• Toys – of course its the toys I remember the most. Waking up on Christmas morning with my stocking lying across the bottom of my bed, heavy on my feet. There would always be a soft toy poking out of the top! Once my sisters and brother were awake we would pile downstairs, dragging our heavy stockings behind us! And then on to the big presents under the tree left by Father Christmas in the night. A truly memorable Christmas for me was when I was eight years old and we spent a month in Florida, staying with my mum’s Aunt Julie. Not only were we extremely lucky children to be visiting another country at Christmas but they made it even more special when they woke us up on Christmas Eve to say there was a visitor to see us! We shyly entered the lounge and there was Father Christmas, or Santa as they called him in America, with these sacks of toys for us! Me and my sister had wanted Cabbage Patch Dolls forever; they were the toy we desperately wanted and guess what? That’s exactly what he had for us! I can still remember that moment of perfect joy as I unwrapped the box and my very own little boy (Dean Emery!) smiled back at me. My mum managed to catch a photo of me and I think it sums up how magical it was. Over the years, I also remember many toy dogs, a Charmkins house, and My Little Pony beauty parlour among others.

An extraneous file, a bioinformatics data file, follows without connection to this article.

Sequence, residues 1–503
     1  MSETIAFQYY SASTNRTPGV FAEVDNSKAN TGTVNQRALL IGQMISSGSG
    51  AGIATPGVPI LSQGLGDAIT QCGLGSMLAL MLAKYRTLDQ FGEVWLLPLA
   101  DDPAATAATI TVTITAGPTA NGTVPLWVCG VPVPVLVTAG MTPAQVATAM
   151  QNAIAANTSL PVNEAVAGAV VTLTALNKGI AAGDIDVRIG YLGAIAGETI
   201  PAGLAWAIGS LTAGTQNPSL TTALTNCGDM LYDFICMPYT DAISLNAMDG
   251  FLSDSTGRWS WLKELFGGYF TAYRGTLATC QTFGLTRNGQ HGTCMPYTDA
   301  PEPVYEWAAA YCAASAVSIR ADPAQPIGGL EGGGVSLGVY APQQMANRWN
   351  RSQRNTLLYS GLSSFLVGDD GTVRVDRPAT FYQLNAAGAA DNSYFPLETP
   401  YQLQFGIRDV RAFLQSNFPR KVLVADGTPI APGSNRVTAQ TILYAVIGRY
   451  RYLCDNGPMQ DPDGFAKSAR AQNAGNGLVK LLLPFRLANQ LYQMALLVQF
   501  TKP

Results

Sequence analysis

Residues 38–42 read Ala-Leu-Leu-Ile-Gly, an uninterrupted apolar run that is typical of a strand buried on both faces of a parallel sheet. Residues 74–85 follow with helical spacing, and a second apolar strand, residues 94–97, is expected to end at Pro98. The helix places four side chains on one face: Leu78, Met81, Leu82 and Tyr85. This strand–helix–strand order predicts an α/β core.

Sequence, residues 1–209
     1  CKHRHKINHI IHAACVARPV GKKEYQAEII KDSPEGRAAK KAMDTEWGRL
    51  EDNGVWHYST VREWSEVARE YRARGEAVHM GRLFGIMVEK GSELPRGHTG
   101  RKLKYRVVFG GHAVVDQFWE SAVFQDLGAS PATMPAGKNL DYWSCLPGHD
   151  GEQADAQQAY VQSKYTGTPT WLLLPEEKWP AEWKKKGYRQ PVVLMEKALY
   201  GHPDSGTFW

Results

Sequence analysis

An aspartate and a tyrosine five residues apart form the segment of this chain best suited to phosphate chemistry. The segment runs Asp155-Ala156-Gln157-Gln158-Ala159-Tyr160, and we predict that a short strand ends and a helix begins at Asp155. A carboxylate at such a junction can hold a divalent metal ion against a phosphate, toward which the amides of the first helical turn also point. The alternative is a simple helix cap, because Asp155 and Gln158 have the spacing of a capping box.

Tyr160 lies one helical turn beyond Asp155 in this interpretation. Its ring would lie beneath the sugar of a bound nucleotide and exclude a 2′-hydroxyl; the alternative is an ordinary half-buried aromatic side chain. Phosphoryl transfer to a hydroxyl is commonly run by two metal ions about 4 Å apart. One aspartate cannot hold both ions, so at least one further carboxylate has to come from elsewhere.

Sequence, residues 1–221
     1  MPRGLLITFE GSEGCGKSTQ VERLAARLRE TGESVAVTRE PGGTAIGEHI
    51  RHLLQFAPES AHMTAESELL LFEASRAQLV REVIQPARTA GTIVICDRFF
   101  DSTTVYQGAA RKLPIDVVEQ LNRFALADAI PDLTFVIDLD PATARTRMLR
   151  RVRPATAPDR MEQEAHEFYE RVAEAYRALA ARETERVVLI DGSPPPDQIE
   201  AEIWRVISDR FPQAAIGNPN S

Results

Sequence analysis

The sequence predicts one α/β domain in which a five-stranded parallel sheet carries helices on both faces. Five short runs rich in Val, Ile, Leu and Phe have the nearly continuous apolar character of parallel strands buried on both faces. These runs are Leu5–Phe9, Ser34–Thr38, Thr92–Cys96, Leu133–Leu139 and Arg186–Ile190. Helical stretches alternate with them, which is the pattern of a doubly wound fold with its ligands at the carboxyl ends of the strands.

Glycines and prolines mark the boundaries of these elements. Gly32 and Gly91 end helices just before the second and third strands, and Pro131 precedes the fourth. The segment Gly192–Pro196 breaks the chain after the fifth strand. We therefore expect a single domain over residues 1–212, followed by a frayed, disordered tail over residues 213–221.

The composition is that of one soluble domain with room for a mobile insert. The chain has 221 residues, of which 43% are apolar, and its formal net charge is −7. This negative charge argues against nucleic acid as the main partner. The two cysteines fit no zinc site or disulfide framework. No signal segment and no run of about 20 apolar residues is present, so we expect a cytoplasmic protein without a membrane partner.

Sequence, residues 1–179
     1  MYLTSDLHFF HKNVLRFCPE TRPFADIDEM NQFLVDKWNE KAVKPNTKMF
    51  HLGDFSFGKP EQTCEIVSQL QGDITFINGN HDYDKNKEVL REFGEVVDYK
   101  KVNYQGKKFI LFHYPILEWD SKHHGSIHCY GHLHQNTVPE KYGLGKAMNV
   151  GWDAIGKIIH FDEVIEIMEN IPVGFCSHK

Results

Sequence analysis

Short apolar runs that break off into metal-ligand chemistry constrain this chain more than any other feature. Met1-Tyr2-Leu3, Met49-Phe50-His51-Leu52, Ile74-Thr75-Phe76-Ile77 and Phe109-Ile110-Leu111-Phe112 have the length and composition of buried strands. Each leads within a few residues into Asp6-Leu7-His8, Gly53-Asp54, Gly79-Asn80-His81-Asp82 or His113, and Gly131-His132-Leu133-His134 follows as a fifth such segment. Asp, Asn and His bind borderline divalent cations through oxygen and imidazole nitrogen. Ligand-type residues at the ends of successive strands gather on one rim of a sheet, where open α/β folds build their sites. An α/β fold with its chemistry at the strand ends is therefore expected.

Image by Andy M. from Pixabay

How about you? What decade brings back the most Christmas memories for you? If you were a child of the sixties or seventies, what kinds of food, drink, decorations and toys stood out for you? I’d love to know. Feel free to comment and share and I do hope you all have a wonderful Christmas!

To Be A Boy Of 7…Part 2

A million years ago, but also, only yesterday, I wrote this piece for your big brother, Dylan. https://chantelleatkins.com/2015/04/08/to-be-a-boy-of-7/ A million years ago, but also, only yesterday, he was seven like you are now. When he was seven, you were just a tiny baby, so you didn’t know him then. He was all stick arms and legs and tons of white-blonde hair. In a tiny blink of an eye, he grew older, he grew up and now he is a gangly fourteen year old with a sweet, wry smile.

But you, what are you like at seven? What is being a boy of seven like, for you?

I think to be a boy of seven must still be a glorious thing. I think your heart is as full and free as his was.